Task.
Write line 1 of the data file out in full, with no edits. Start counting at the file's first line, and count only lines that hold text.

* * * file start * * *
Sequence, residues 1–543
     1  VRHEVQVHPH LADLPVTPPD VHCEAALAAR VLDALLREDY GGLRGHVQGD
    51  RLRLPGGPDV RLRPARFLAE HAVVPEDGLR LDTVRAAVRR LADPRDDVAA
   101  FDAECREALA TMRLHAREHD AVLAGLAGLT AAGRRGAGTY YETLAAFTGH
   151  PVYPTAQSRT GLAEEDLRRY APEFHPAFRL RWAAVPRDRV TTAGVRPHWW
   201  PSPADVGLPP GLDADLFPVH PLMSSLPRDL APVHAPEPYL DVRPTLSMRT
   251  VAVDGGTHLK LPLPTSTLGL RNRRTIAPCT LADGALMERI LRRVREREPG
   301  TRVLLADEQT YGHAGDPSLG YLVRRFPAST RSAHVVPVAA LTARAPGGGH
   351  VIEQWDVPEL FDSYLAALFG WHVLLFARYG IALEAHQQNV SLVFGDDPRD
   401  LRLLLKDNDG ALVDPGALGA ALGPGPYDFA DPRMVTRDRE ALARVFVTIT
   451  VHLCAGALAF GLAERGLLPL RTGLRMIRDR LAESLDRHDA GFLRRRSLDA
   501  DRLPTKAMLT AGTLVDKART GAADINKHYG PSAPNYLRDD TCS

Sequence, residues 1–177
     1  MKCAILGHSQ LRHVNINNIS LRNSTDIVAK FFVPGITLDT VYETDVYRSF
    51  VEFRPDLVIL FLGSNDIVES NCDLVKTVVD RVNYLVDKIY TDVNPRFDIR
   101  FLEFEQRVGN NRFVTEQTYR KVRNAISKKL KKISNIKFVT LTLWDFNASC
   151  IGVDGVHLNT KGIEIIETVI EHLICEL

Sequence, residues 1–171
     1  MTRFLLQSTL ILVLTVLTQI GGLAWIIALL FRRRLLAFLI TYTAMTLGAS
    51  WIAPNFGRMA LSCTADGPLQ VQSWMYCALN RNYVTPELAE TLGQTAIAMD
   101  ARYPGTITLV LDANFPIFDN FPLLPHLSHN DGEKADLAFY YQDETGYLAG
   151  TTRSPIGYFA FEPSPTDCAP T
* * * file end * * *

Sequence, residues 1–543